I’ve never been athletically prone. I could win medals in such endeavors as Internet Browsing, Couch Sitting, Dog Snuggling, Kitty Wrangling, Popcorn Eating or Book Reading, but never in athleticism. Sweating is not something I’ve ever enjoyed and I’ve had difficulty hopping on the “pain is weakness leaving the body” train because it’s easier to climb under a blanket and take a nap than to go outside and run three miles. I never once participated in any sort of organized sport-like activity. The Army forced me toward physical fitness and while I’ve mostly succeeded at passing Army-mandated fitness standards, I have in no way excelled.
I’ve been working out a lot lately, yes, something I wrote about here, and I’ve finally made some progress toward hitting my recently generated health-related goals, but still – this fitness bandwagon is a new one for me and one I’m not quite used to.
And then came the Warrior Dash.
A good friend from high school (who I incidentally met in gym class sophomore year of high school, a class were we largely avoided any sort of running or otherwise physically strainful activity) invited me to partake in the Virginia Warrior Dash with her, since her original partner had to cancel. The invite came at the most perfect time in my surprisingly non-futile adventure toward reaching a higher level of fitness and it was like the Universe was yelling at me to do the damn thing.
So we did.
We started the day looking like this:
I was nervous and excited. I’d looked over the course map approximately eleventy billion times, but that didn’t give my any idea what running three and a half miles through mud and over obstacles was going to be like. Plus, it was a chilly 58 degrees outside at 11 am and I was freezing my ass off. The thought of getting wet and crawling through mud had me convinced I’d die of hypothermia before the day was done.
Spoiler Alert: I didn’t.
What I did was run through mud, smash through a tire jungle, climb over muddy cars, run up and down mud-slicked hills, climb cargo nets, nearly drown in a river with water well-above the promised waist level, leap over fire not once, but TWICE, splash along the shore of the James River and, finally, dive into a pit of mud.
By the end of the race, we looked like this:
We couldn’t stop smiling after we crossed the finish line. We ran it. The whole thing, all three and a half miles of up and down hills, around bends, through woods and across frields. Considering I haven’t run more than 3 miles in somewhere around five years, I’ve been on a non-stop self back-pat parade for the past two days.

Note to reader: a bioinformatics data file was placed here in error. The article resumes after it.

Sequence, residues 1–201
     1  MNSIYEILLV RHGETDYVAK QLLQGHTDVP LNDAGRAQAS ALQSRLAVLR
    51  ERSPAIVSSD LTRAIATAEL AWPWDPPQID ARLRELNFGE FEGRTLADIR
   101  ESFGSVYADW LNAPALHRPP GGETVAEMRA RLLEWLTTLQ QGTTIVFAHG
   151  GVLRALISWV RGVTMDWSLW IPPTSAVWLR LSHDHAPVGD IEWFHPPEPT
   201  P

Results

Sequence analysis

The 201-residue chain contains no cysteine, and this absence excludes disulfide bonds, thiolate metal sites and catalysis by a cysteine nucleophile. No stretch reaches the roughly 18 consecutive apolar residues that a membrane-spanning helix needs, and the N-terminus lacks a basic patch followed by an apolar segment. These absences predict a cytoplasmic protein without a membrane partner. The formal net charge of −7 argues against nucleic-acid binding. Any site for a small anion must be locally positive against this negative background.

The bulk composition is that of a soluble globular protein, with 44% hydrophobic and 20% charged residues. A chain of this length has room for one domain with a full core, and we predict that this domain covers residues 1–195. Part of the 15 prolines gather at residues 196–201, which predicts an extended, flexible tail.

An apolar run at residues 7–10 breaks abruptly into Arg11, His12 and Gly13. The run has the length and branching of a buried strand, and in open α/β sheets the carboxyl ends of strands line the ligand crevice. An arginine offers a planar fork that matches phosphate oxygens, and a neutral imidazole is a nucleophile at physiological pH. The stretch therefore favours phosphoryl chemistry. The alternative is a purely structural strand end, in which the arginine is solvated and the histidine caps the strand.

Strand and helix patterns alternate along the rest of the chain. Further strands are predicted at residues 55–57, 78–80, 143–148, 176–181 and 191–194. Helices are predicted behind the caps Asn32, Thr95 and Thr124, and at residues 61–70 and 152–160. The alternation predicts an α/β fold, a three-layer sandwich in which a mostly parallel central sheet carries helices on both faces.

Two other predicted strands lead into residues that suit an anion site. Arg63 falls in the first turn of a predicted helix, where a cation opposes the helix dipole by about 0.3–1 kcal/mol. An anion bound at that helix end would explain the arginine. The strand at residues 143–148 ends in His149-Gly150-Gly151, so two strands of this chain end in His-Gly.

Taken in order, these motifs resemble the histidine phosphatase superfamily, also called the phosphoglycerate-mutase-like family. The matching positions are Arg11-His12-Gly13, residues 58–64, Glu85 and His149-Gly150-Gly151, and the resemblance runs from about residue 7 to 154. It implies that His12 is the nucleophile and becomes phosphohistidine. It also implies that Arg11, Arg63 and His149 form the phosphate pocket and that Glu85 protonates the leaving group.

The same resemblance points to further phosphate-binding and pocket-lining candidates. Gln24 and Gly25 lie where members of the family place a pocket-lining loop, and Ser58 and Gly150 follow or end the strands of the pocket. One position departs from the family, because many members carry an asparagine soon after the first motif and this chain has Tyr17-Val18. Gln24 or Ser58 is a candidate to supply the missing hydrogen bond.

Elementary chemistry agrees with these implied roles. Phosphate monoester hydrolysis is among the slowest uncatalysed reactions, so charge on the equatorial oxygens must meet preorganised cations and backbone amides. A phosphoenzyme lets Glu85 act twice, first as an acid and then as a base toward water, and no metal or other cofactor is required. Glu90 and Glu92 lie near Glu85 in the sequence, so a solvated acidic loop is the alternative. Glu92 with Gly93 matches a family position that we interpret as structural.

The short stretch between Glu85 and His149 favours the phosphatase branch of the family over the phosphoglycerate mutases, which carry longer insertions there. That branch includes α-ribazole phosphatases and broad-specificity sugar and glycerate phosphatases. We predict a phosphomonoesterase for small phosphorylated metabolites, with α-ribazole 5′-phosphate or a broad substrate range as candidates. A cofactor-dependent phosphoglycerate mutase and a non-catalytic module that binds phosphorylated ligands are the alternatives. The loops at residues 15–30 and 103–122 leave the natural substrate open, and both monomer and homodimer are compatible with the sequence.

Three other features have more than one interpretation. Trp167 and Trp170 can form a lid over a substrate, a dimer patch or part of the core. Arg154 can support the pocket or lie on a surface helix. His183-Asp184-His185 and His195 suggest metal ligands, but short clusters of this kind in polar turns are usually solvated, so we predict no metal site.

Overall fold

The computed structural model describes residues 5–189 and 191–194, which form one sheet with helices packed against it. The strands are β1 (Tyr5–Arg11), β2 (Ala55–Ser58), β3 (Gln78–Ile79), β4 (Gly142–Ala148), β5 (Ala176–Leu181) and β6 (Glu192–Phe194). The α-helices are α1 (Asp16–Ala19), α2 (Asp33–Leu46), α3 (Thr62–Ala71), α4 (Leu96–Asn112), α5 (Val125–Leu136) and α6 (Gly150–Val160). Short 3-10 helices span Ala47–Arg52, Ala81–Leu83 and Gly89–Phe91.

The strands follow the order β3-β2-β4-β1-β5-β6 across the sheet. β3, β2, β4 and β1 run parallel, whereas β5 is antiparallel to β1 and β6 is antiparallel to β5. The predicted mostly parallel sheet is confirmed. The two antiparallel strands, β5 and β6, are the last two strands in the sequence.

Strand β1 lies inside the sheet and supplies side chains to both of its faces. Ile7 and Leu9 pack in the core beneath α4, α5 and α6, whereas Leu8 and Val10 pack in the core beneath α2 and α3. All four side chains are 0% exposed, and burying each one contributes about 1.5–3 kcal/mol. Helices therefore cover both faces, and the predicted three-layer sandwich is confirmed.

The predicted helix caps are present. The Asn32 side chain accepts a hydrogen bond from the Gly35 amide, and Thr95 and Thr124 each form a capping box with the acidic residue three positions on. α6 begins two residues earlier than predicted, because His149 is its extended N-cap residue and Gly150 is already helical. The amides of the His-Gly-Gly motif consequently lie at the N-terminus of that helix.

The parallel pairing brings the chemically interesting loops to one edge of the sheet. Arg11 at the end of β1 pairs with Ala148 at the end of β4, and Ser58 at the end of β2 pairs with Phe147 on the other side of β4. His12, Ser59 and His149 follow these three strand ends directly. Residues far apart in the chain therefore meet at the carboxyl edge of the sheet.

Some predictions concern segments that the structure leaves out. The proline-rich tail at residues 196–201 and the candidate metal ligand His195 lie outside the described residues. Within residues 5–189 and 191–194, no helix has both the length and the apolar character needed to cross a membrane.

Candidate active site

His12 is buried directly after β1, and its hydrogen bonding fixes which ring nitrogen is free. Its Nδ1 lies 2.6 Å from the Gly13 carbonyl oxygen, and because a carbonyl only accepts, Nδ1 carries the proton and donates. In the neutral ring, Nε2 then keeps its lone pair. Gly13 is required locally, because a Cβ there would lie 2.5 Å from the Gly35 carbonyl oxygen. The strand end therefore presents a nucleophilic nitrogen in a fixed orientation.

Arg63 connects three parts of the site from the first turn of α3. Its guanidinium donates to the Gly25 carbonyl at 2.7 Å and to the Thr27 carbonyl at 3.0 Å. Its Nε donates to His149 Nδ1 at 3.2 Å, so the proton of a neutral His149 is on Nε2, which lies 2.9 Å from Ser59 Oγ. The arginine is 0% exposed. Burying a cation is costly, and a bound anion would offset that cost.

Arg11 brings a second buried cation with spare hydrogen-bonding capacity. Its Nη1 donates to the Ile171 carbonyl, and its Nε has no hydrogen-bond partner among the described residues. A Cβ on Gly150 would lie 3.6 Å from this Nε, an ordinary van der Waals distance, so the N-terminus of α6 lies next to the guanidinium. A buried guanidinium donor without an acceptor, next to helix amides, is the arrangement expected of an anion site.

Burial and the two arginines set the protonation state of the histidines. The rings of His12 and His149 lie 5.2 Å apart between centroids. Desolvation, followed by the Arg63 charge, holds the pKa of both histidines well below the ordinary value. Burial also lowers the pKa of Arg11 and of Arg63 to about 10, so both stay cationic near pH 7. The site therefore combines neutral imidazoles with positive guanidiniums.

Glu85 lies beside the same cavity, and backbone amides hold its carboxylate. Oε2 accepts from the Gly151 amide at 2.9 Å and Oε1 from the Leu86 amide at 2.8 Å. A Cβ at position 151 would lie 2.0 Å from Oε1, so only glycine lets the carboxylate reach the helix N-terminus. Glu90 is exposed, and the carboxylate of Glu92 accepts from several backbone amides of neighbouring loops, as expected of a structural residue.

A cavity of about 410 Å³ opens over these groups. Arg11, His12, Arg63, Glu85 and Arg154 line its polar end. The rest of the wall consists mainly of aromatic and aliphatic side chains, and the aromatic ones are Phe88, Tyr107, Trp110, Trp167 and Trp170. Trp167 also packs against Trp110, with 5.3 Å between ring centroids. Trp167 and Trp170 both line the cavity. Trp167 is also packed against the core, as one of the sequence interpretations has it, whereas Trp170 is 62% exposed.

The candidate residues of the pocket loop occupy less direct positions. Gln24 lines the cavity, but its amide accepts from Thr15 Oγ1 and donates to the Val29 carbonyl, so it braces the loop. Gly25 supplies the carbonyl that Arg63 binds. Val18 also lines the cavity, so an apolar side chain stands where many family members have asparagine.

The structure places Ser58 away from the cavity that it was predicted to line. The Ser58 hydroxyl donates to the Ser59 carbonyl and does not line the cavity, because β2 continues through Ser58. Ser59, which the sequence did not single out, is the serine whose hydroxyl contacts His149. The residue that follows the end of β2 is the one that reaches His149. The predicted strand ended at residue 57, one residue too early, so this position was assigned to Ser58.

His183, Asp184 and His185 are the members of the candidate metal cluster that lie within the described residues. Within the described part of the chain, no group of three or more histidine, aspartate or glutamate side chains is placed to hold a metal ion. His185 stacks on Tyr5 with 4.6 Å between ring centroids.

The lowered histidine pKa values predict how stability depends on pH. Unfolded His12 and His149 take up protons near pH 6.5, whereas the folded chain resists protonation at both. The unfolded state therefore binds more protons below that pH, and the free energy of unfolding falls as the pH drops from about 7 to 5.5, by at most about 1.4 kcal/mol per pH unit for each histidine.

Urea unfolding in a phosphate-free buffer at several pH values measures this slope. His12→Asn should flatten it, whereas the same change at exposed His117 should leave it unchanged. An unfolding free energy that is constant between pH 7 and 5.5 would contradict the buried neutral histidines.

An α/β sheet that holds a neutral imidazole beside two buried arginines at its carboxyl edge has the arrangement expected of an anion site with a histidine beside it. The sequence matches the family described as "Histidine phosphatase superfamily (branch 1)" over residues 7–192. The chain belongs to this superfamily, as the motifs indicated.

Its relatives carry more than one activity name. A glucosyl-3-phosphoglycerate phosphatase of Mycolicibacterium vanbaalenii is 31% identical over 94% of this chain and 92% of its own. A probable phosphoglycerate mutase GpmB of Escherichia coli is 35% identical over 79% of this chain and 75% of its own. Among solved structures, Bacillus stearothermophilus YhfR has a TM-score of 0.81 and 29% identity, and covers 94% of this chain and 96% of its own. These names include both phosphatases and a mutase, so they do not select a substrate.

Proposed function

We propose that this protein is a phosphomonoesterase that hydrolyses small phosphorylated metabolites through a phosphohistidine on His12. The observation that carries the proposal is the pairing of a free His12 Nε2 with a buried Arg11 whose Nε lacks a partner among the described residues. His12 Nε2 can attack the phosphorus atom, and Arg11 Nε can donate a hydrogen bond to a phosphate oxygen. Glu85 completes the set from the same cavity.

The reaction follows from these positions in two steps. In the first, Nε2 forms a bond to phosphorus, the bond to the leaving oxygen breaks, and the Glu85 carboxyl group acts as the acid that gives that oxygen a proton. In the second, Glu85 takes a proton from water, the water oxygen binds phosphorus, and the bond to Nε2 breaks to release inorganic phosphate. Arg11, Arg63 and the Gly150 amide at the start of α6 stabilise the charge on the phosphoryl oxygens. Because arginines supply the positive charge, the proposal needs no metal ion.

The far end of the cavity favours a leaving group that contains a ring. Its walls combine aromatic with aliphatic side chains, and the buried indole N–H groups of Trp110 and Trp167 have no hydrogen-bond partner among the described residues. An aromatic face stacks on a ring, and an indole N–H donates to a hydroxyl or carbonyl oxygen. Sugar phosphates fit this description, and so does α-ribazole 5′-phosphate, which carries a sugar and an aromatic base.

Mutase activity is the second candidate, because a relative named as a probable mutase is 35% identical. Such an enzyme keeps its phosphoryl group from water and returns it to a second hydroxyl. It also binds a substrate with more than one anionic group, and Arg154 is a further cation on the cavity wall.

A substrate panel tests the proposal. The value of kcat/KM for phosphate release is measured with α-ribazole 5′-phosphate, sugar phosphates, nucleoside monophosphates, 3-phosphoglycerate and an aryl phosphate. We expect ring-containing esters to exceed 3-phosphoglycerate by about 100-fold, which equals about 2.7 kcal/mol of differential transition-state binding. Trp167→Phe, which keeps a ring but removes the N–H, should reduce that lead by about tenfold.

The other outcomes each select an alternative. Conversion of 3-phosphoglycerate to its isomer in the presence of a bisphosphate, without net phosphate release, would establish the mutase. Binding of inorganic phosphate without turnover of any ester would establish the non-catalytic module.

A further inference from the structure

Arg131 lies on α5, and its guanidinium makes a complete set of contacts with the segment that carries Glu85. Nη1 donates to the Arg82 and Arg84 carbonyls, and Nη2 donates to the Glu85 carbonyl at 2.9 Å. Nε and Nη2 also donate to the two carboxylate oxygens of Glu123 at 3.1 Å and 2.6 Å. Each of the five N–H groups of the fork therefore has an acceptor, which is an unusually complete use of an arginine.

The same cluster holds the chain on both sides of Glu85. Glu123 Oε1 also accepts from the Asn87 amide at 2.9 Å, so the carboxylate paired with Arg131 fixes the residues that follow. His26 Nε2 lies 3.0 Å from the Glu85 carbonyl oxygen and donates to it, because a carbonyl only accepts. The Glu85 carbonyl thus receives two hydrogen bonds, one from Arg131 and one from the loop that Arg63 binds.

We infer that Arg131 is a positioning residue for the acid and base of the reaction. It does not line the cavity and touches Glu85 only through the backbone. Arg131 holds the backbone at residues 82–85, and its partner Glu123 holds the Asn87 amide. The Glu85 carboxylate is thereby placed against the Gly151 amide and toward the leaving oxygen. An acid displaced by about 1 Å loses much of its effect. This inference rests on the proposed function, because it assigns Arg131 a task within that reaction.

I’ve done some pretty bad ass stuff in my life. I’ve made big, life-changing decisions and gone on grand adventures, but nothing has ever made me feel like more of a bad ass than the Warrior Dash.
I’m not entirely sure if I know how to explain it, but the feeling of having done it, and done it well, is amazing. Maybe it’s that I never thought I’d be one to willingly subject myself to mud pits or fire leaps, or that just a few months ago I would have collapsed in a breathless heap at the mere thought of such an endeavor, or maybe it’s just that this gave me the chance to be proud of myself for the first time in a long time.
It’s possible the most futile thing I’ve ever attempted was the rinse I gave myself in the James River after the race. It made me feel a little better, I guess, but really, by the time we’d rinsed off, toweled off and changed by the car, I still smelled like a farm. That didn’t stop me from eating a turkey though.
I wasn’t sure how I’d feel about mud and mud races after running the Warrior Dash. I knew it would go one of two ways, that I would either emerge fully satiated of my desire for dirty, gritty fun, or I’d come out of the mud pit and out of the race desperate for some other extreme and muddy encounter and sure enough, here I am, still sore from Saturday’s Warrior Dash already clamoring for more fun. I spent at least two hours over the course of the weekend eyeballing YouTube videos of other mud runs and amping myself up for future adventures because while smelling like a farm isn’t the best thing ever, feeling like a bad ass is.